• If the network mode is Global Router, you can go to the cluster information page and enable VPC-CNI support for the cluster. This enables the mixed use of the two network modes, as shown in the figure below:

      After ensuring that the cluster supports VPC-CNI, run the following commands in sequence to install Nginx Ingress:
      kubectl create ns nginx-ingress
      kubectl apply -f https://raw.githubusercontent.com/TencentCloudContainerTeam/manifest/master/nginx-ingress/nginx-ingress-deployment-eni.yaml -n nginx-ingress

    FAQs

    How can private network Ingress be supported?

    In solution 2: Daemonset + HostNetwork + LB, the CLB is manually managed. When creating a CLB, you can select public network or private network. In solution 1: Deployment + LB and solution 3: Deployment + LB directly connected to pod, public network CLBs are created by default.
    To use a private network, you can redeploy YAML and add a key to the Service in nginx-ingress-controller, for example, service.kubernetes.io/qcloud-loadbalancer-internal-subnetid, with value set to the annotation of the subnet ID created by the private network CLB. Refer to the following code:

    apiVersion: v1
    kind: Service
    metadata:
      annotations:
        service.kubernetes.io/qcloud-loadbalancer-internal-subnetid: subnet-xxxxxx # value should be replaced with a subnet ID in the VPC where the cluster belongs.
      labels:
        app: nginx-ingress
        component: controller
      name: nginx-ingress-controller

    How can an existing LB be shared?

    In solution 1: Deployment + LB and solution 3: Deployment + LB directly connected to Pod, new CLBs are automatically created by default. The traffic entry address of Ingress depends on the IP address of the newly created CLB. If a business is dependent upon the entry address, you can bind Nginx Ingress with an existing CLB.
    The specific method is to redeploy YAML and add a key to the Service in nginx-ingress-controller, such as service.kubernetes.io/tke-existed-lbid, with value set to the annotation of the CLB ID. Refer to the following code:

    apiVersion: v1
    kind: Service
    metadata:
      annotations:
        service.kubernetes.io/tke-existed-lbid: lb-6swtxxxx # value should be replaced with the CLB ID.
      labels:
        app: nginx-ingress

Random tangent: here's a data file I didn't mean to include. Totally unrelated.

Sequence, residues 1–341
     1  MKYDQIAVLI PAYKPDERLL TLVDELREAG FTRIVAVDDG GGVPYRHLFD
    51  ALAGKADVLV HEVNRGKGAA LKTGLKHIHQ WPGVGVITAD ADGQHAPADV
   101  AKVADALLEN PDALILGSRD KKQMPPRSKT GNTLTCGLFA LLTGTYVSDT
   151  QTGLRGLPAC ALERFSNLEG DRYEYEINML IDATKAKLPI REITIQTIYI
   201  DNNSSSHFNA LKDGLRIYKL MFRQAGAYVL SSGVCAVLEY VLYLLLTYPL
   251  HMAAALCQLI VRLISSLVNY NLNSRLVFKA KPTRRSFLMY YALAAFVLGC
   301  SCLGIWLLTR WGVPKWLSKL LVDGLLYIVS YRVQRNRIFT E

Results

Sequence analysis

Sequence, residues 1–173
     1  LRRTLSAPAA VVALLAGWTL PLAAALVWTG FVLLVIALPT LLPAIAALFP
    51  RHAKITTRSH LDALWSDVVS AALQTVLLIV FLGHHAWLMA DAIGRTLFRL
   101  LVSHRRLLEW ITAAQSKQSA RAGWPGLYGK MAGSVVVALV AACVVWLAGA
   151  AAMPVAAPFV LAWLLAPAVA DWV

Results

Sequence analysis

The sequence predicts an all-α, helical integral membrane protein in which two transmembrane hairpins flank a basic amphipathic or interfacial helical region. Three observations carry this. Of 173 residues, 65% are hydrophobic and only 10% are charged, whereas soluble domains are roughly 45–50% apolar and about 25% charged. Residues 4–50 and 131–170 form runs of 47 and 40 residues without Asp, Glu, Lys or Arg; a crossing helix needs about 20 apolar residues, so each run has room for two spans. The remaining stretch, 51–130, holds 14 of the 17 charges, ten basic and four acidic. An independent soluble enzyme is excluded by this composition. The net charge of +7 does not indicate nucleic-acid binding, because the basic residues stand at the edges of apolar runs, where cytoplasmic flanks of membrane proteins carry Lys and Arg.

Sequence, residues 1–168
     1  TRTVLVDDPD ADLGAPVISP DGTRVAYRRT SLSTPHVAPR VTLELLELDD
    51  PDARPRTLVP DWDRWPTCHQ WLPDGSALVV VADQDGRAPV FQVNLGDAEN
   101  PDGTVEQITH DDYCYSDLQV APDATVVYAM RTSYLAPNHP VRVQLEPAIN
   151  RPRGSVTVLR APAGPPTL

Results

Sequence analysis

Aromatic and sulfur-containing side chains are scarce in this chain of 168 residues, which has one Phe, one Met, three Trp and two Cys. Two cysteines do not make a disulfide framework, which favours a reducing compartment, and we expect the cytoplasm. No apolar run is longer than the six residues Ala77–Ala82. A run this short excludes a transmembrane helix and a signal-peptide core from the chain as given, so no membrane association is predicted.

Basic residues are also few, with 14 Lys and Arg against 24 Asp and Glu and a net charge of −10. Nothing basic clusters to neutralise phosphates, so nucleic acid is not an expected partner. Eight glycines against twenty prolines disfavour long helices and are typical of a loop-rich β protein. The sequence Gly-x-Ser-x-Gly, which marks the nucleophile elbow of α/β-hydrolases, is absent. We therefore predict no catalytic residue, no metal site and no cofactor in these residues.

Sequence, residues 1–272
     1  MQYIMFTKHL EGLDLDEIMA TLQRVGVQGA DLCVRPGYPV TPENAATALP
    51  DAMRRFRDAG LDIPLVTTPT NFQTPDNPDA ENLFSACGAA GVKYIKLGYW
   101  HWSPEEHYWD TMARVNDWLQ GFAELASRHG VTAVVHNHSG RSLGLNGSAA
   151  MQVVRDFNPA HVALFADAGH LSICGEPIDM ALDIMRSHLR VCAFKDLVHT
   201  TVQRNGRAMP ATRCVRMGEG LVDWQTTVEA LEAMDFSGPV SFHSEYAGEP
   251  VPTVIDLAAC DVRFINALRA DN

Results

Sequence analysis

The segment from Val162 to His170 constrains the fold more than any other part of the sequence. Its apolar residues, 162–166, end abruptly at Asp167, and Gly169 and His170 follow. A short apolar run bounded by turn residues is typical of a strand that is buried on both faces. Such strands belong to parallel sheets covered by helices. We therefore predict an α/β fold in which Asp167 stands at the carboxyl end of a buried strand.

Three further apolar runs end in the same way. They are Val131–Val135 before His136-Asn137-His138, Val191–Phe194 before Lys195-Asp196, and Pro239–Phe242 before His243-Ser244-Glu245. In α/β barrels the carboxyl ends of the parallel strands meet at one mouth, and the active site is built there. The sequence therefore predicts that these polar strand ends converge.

component: controller
      name: nginx-ingress-controller

    What’s the size of the Nginx Ingress public network bandwidth?

    There are two types of Tencent Cloud accounts: bill-by-IP accounts and bill-by-CVM accounts:

    Note:

    You can refer to Distinguishing Between Tencent Cloud Account Types to identify your account type.

    • Bill-by-IP account type: bandwidth is moved to the CLB or IP address for management.
      If your account is a bill-by-IP account, the Nginx Ingress bandwidth equals the purchased CLB bandwidth, which is 10 Mbps by default (pay-as-you-go) and can be adjusted as needed.
    • Bill-by-CVM account type: bandwidth is managed on CVMs.
      If your account is a bill-by-CVM account, Nginx Ingress uses a public network CLB, and the public network bandwidth of Nginx Ingress is the sum of the bandwidth of all TKE nodes bound with the CLB. If solution 3: Deployment + LB directly connected to pod is adopted, the CLB is directly connected to pods, which means that the CLB is directly bound with ENI. In that case, the public network bandwidth of Nginx Ingress is the sum of the bandwidth of all nodes where Nginx Ingress Controller Pods are scheduled.

    How can I create an Ingress?

    When you deploy Nginx Ingress on TKE and need to use Nginx Ingress to manage Ingress, if you cannot create an Ingress on the TKE console, you can use YAML to create an Ingress and you need to specify the annotation of Ingress Class for each Ingress. Refer to the following code:

    apiVersion: networking.k8s.io/v1beta1
    kind: Ingress
    metadata:
      name: test-ingress
      annotations:
        kubernetes.io/ingress.class: nginx # this is the key part
    spec:
      rules:
      - host: *
        http:
          paths:
          - path: /
            backend:
              serviceName: nginx-v1
              servicePort: 80

    How can I enable monitoring?

    For Nginx Ingress installed through the method in How can I create an Ingress, the metrics port has been opened and can be used for Prometheus collection. If prometheus-operator is installed in the cluster, you can use ServiceMonitor to collect monitoring data for Nginx Ingress. Refer to the following code:

    apiVersion: monitoring.coreos.com/v1
    kind: ServiceMonitor
    metadata:
      name: nginx-ingress-controller
      namespace: nginx-ingress
      labels:
        app: nginx-ingress
        component: controller
    spec:
      endpoints:
      - port: metrics
        interval: 10s
      namespaceSelector:
        matchNames:
        - nginx-ingress
      selector:
        matchLabels:
          app: nginx-ingress
          component: controller

    For native Prometheus configuration, refer to the following code:

        - job_name: nginx-ingress
          scrape_interval: 5s
          kubernetes_sd_configs:
          - role: endpoints
            namespaces:
              names:
              - nginx-ingress
          relabel_configs:
          - action: keep
            source_labels:
            - __meta_kubernetes_service_label_app
            - __meta_kubernetes_service_label_component
            regex: nginx-ingress;controller
          - action: keep
            source_labels:
            - __meta_kubernetes_endpoint_port_name
            regex: metrics

    After collecting monitoring data, you can configure the dashboards provided by the Nginx Ingress community for grafana and display data.
    In actual operation, you can directly copy JSON data and import it to grafana to import dashboards. nginx.json is used to display the various regular monitoring dashboards for Nginx Ingress, as shown in the figure below:

    request-handling-performance.json is used to display the performance monitoring dashboard of Nginx Ingress, as shown in the figure below:

    References